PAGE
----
All eyes are on U.S. president Donald Trump and Chinese president Xi Jinping’s planned meeting later this month at the G20 in Japan. For better or worse for markets, that meeting promises developments on the U.S.-China trade relationship, which threatens to escalate into a trade war that has the potential to push the global economy into recession.

Asian markets are mixed today, with Tokyo’s Nikkei up 0.4 per cent and the Shanghai Composite Index is down near 1 per cent. Hong Kong’s Hang Seng is down 0.65 per cent amid ongoing political tensions there over a controversial planned extradition law with China that has seen thousands take to the streets in protest. Reuters reports that some Hong Kong tycoons have started moving personal wealth offshore as concern deepens over the plan to allow extraditions of suspects to face trial in China, according to financial advisers, bankers and lawyers familiar with such transactions.

In Europe, London’s FTSE was down over 0.6 per cent, Frankfurt’s DAX down over 0.8 per cent, and Paris’ CAC dipped around 0.5 per cent.

Story continues below advertisement

Commodities

Oil prices fell today after yesterday’s rally on the news of attacks on two tankers in the Gulf of Oman. The day range on Brent is US$60.74 to US$62.02 a barrel, with West Texas Intermediate holding a range of US$51.70 to US$52.70 a barrel.

The U.S. is blaming Iran for yesterday’s attacks near the Strait of Hormuz on the Norwegian-owned Front Altair and Japanese-owned Kokuka Courageous. Iran said today that it was alarming and wrong of the U.S. to put the blame on Tehran for the two attacks, which occurred in one of the world’s most vital shipping routes for oil. Both vessels were adrift in the Gulf of Oman today after their crews abandoned ship.

“Two opposite forces are in game for oil traders: the global economic slowdown and rising stockpiles pressure the oil prices downwards, while the ongoing tensions in the Middle East push the prices upwards," wrote Ipek Ozkardeskaya, a senior market analyst at London Capital Group, in a note.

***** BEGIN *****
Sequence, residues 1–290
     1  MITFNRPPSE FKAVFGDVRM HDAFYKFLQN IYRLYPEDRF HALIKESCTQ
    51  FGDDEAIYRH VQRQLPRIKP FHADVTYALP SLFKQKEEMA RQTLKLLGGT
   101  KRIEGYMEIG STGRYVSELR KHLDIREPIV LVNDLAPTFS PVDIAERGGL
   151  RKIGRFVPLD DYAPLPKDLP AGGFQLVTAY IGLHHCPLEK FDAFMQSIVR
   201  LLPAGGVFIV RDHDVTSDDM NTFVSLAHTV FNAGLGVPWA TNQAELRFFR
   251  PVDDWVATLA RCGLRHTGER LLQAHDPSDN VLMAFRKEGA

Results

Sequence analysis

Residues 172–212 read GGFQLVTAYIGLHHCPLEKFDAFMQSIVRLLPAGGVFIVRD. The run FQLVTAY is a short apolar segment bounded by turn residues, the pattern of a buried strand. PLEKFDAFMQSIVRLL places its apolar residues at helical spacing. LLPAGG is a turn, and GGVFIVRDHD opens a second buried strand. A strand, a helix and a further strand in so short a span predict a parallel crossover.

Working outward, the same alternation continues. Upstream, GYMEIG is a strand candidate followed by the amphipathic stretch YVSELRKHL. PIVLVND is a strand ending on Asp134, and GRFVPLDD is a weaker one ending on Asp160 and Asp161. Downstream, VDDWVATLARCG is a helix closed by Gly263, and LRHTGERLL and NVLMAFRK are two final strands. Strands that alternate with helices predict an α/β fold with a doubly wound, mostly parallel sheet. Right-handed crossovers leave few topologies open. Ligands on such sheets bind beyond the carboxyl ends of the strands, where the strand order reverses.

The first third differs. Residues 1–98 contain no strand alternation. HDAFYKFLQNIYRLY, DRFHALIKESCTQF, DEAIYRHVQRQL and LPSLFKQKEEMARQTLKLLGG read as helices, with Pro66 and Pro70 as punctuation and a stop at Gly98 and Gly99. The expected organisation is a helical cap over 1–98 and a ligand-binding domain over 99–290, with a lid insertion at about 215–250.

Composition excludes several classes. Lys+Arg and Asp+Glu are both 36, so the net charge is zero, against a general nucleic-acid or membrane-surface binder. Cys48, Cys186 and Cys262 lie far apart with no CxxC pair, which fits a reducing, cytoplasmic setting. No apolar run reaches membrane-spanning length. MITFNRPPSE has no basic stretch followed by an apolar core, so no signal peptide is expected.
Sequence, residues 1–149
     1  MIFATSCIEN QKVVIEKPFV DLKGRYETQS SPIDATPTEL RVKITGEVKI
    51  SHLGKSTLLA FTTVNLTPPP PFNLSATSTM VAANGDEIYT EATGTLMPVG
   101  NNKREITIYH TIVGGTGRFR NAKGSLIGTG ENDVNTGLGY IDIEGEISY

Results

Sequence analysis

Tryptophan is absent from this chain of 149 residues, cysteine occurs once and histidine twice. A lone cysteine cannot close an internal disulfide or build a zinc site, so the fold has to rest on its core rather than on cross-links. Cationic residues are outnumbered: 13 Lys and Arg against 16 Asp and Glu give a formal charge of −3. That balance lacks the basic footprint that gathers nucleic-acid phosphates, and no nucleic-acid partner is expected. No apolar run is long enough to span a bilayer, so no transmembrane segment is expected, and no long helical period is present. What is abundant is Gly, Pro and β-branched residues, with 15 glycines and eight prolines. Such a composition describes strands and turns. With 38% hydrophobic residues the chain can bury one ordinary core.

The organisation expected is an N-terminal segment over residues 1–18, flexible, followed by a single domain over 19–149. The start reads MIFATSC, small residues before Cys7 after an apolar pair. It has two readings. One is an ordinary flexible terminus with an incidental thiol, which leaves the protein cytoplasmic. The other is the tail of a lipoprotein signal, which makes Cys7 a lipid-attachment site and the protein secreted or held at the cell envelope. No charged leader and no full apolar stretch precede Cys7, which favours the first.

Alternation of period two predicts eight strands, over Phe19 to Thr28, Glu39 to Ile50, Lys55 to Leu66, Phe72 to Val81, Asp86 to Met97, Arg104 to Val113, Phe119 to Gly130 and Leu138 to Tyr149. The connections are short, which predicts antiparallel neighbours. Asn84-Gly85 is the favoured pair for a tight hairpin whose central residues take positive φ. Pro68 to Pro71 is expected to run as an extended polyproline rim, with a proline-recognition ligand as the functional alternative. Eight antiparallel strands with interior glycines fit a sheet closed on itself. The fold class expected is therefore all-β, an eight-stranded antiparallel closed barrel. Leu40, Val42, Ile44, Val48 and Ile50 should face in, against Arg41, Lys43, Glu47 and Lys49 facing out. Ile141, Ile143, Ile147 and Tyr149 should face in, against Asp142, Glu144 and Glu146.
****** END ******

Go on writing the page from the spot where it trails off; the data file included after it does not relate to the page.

"But the wider picture suggests that the rising expectations of a Federal Reserve rate cut, the U.S. sanctions on Iranian oil and an OPEC+ announcement to at least extend the oil production cuts beyond June could eventually give a short relief to the bulls, reversing some of the 8.5 per cent drop in net long WTI positions since the beginning of this year,” Ms. Ozkardeskaya wrote.

Gold jumped more than 1 per cent today, surpassing the key US$1,350 level for the first time since April last year, on the back of the weak economic data out of China and political concerns in the Middle East. Spot gold was up 0.8 per cent to US$1,353.06 per ounce, while U.S. gold futures were up 1 per cent to US$1,357.20 per ounce. But analysts aren’t sure this bullion rally will hold.

Story continues below advertisement

“I’m not convinced the risk aversion will hold though so this may rely on the dollar coming under further pressure, which wouldn’t come as a surprise after it fell to its lowest level since March last week," Mr. Erlam wrote. "We’ve seen a recovery since then but that already looks to be running out of steam, which could see its resolve tested.”

Copper prices fell today after top consumer China’s weak manufacturing and investment data. U.S. Copper futures were down almost 0.6 per cent to US$264.10 per pound. Earlier this month, prices of the metal used widely in the power and construction industries fell to a five-month low.


Currencies and bonds

The Canadian dollar is down around 0.12 per cent to a one-week low against the U.S. dollar today, hovering just below the U.S. 75-cent mark. The day range on the loonie is 74.93 U.S. cents to 75.05 U.S. cents.

“The [recent] surge in oil prices could translate into a stronger loonie only if the price correction becomes sustainable," Ms. Ozkardeskaya wrote.

The U.S. dollar gained today and is on track for its biggest weekly rise in three weeks with the release of positive U.S. retail sales data, but the yen and Swiss franc gained against the greenback amid the rising tensions between the U.S. and Iran.

Story continues below advertisement

The euro is down around 0.15 per cent against the U.S. dollar, at US$1.1258.

Sterling is unsettled amidst questions of the U.K.'s political future. The campaign is underway for the next leader of the Conservative Party, who will take over from Theresa May as the country’s next prime minister and have to deal with a looming hard exit from the European Union this coming October. Euroskeptic Boris Johnson won the support of 114 Tory MPs in the first round of voting yesterday, beating Jeremy Hunt’s second-place outcome of 43 votes. The pound was down almost 0.3 per cent against the greenback, at US$1.2639.